If Ultraman Blazar's intentions really are to tear down the formula set by the series of the past decade then it's certainly letting the audience know already. While there's also going to be some level of familiarity in there for longtime Ultraman fans, it's definitely different to the majority of series openers. We kick off with a cold opener in a dimly lit aircraft, as the GGF cleanup force prepare to airdrop down and fight the rampaging Bazanga. It's an opening very reminiscent of 2014's Godzilla, which is a pretty good place to draw from (if intentional) given that was one of the most memorable sequences in that film. As introduction to this world it really drops the audience in at the deep end - mid-operation, little context to the characters or setting and taking place all over the course of one night. Anyone who's been following preview material for the series (or watched last week's preview episode) will know we'll eventually be seeing Gento lead a more typical Ultraman defence team, but that's yet to come in episode two. For now, this is a pretty military affair.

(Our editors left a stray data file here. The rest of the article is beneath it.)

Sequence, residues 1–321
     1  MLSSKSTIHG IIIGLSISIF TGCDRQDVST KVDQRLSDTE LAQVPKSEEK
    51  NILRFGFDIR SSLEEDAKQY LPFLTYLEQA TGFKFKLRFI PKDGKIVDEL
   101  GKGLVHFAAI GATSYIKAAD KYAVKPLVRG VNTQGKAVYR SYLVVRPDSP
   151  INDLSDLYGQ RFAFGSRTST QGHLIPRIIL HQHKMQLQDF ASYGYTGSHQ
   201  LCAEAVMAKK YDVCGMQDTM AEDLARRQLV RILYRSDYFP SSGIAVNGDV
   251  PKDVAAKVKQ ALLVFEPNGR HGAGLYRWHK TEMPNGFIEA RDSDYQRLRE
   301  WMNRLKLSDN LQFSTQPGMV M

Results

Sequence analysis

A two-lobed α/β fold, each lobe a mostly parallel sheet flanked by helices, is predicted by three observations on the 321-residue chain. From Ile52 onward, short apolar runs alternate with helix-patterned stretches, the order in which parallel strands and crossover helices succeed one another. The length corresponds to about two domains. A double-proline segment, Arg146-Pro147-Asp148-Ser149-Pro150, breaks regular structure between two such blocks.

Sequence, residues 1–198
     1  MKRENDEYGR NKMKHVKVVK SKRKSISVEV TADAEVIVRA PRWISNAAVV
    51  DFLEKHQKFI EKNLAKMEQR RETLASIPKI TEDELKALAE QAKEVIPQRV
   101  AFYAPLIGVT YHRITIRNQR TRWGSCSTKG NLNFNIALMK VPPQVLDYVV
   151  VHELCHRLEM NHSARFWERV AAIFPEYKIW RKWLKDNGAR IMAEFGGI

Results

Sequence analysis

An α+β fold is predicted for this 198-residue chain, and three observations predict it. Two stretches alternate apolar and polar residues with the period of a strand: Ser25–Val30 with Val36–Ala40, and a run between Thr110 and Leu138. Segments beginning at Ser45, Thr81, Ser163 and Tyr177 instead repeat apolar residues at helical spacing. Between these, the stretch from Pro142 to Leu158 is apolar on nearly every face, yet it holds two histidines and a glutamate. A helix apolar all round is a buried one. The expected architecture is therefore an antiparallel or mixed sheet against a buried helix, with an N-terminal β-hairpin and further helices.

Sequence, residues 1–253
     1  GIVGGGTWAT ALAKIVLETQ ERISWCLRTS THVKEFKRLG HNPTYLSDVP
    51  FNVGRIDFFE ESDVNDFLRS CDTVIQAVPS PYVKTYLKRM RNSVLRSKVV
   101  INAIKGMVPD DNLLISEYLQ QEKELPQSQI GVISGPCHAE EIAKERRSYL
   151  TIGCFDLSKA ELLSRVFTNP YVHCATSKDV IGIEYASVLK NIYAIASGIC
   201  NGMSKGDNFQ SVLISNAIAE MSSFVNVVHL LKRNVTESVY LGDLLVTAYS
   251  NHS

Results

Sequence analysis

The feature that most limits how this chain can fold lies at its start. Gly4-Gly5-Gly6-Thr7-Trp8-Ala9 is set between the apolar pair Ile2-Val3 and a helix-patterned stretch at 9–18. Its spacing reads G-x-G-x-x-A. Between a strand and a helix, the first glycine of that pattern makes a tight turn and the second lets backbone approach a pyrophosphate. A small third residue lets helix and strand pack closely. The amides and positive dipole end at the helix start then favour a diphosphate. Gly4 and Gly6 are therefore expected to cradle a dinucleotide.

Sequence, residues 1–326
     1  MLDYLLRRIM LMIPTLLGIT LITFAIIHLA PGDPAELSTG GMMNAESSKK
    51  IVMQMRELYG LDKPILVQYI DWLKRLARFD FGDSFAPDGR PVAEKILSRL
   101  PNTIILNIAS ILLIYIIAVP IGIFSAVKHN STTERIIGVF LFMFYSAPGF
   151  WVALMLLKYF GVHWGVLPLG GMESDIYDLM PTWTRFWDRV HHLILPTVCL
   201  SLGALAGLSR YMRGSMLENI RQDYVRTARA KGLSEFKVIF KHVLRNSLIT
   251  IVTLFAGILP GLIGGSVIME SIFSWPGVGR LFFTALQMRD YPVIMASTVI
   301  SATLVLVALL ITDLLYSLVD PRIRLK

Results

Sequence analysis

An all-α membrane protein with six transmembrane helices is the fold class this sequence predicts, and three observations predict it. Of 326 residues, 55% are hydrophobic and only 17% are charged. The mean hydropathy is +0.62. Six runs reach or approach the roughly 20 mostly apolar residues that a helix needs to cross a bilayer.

The lack of proper introduction means we're learning about Gento on the go, and as such it's through his actions just as much as words. It's a really interesting change of pace to have the main character be the captain of the team, and even moreso to see how it impacts on the team dynamic in future episodes. But for now we get to see Gento as a competent leader, giving orders as well as adapting to the situation. There are some interesting tidbits about his past, as well as hints toward him having an almost future sight ability - already creating speculation that his relationship to Blazar might not be as new as this "first encounter" suggests. Of course tokusatsu fans will also recognise Gento as Tomoya Warabino, who played Heart in Kamen Rider Drive. As one of the standout characters from that series (particularly in its later episodes), Warabino is a fine choice for Ultraman and I look forward to seeing what he brings to the series.

The GGF airdrop inGento Himura